Maximus by Richard L. Black

I received this book via NetGalley for the purpose of this review. All comments and opinions are entirely my own.


Maximus has never known peace. In command of one of Rome’s finest legions, he and his closest friend, Androcles, have fought side by side to uphold the glory of the empire.

But at the end of a long and bloody campaign, Maximus begins to question his purpose, his past, and the gods he has been taught to believe in.

When word reaches Rome of a man named Jesus who is causing a stir in faraway Judaea, Maximus and Androcles are sent, disguised as Jews, to ascertain the truth of the situation: Is this Jesus merely a radical preacher, or is he instigating a revolution against Rome?

As Maximus immerses himself in Jewish culture, he must confront questions that could change his life: Is it possible this carpenter from Nazareth is the Son of God? Is it possible for a man of war to live a life of peace?


Maximus is a neat story that demonstrates the heart of it’s author.

In reading Maximus, one can definitely see the author’s desire to spread the Gospel in his own special way, and that is exactly what he did! The story was well researched and I was pleased with how well the characters were made and how each one had his/her own special part in the story.

However, in reading this book, I could tell that this was Black’s first book. The writing was kind of choppy and he switched in between point of views far too often, making the characters seem too vulnerable. In books like this, it would have been better to keep the story in only 2 or 3 different characters’ point of view so that the book would not have been so predictable. There were also several glitches in the grammar of the e-book version that I read.

But overall, I loved the story as well as the mission that the author gave it, so I do recommend it as an entertaining read and give it a rating of 4 out of 5 stars.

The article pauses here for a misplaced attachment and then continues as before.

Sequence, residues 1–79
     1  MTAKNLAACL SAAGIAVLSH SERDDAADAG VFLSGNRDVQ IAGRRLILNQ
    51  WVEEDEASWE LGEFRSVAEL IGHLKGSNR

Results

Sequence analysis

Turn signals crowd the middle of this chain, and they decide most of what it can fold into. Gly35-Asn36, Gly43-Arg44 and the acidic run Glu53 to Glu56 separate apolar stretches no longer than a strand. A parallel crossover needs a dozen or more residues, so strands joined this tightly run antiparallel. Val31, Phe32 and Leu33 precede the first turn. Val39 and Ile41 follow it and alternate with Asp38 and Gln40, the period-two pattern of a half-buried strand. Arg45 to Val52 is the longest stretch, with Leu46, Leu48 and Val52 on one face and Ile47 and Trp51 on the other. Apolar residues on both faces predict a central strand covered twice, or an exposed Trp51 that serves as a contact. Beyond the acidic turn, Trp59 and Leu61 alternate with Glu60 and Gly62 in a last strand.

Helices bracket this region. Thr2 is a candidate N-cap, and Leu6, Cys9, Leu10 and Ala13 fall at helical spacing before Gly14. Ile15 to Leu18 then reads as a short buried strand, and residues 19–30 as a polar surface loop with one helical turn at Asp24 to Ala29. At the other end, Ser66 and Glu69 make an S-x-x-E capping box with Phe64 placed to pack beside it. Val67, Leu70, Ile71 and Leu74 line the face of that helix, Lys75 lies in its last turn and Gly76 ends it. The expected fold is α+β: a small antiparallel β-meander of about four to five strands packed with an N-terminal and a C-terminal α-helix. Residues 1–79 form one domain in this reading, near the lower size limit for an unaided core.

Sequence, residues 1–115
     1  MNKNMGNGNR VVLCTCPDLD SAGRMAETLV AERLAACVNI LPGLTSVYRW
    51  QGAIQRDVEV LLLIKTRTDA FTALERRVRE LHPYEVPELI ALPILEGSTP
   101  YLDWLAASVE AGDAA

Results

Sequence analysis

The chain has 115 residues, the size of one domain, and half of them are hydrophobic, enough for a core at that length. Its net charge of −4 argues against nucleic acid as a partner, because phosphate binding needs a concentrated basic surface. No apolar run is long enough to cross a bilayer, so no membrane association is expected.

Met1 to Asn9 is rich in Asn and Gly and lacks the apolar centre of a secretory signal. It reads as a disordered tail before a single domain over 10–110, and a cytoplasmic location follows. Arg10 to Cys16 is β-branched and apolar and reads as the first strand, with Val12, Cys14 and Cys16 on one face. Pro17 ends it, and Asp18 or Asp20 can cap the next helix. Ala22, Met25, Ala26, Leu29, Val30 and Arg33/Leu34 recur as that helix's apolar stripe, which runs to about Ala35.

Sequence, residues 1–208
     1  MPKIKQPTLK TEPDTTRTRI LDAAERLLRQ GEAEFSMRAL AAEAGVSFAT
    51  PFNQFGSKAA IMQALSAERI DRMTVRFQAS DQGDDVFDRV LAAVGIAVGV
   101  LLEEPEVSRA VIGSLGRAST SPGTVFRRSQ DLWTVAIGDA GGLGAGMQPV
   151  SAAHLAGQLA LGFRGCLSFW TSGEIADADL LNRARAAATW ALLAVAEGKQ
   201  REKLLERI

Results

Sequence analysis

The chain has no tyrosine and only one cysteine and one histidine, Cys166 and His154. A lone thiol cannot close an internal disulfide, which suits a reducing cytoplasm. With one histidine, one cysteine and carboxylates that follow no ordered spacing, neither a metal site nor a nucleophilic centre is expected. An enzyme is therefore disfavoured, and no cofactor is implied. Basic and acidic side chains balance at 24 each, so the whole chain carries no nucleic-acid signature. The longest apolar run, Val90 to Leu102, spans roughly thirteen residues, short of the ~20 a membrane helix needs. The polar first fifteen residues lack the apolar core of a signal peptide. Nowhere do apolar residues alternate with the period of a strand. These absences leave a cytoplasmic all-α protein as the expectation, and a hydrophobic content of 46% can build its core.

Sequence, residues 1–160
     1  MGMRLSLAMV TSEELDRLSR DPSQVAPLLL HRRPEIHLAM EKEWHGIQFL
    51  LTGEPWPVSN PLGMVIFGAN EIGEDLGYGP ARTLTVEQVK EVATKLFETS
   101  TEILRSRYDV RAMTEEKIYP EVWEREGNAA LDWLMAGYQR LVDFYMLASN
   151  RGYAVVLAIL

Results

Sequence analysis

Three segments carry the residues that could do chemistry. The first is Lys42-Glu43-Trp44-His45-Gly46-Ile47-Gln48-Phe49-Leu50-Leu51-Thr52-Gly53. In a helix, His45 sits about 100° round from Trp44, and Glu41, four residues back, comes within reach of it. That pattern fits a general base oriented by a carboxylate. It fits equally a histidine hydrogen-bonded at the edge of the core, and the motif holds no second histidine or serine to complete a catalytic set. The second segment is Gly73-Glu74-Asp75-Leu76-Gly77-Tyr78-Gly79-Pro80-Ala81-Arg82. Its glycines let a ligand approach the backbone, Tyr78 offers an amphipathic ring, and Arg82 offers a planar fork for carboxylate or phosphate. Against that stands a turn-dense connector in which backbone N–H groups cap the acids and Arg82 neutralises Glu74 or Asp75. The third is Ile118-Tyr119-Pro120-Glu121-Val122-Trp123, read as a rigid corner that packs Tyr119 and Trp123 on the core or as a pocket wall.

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Fribbet the Frog and the Tadpoles by Carole P. Roman

I received this book from the author for the purpose of this review. All comments and opinions are my own.

The Synopsis:

Fribbet the Frog and the Tadpoles is another great voyage into problem solving and friendship, as well as an adventurous trip into the imagination.

Join the Captain No Beard and his friends as they learn the value of sharing our troubles with others and that help is always there when we need it.


This was such sweet book! The family values presented here as well as the learning experience and use of imagination definitely sold this book for me!

The way the siblings talk to one another and the lesson learned at the end, is a fabulous way to bring youngsters together and learn from a good book. The frog’s life-cycle was also nicely illustrated and explained so kiddos get to learn and see what frog’s look like throughout their lives.

I liked how the author showed that even though siblings can be bothersome sometimes (*innocent smiley face*) they are worth every minute of their trouble! The only thing that could have made this book better would be the illustrations, I feel that if the illustrations would have been more “crisp” and the colors deeper, the book would have engaged the younger audience better, but I still loved this book (and so did my 2 year old brother!).

I give it 5 out of 5 stars! Recommended to all parents (or siblings) as a fabulous kid’s book!

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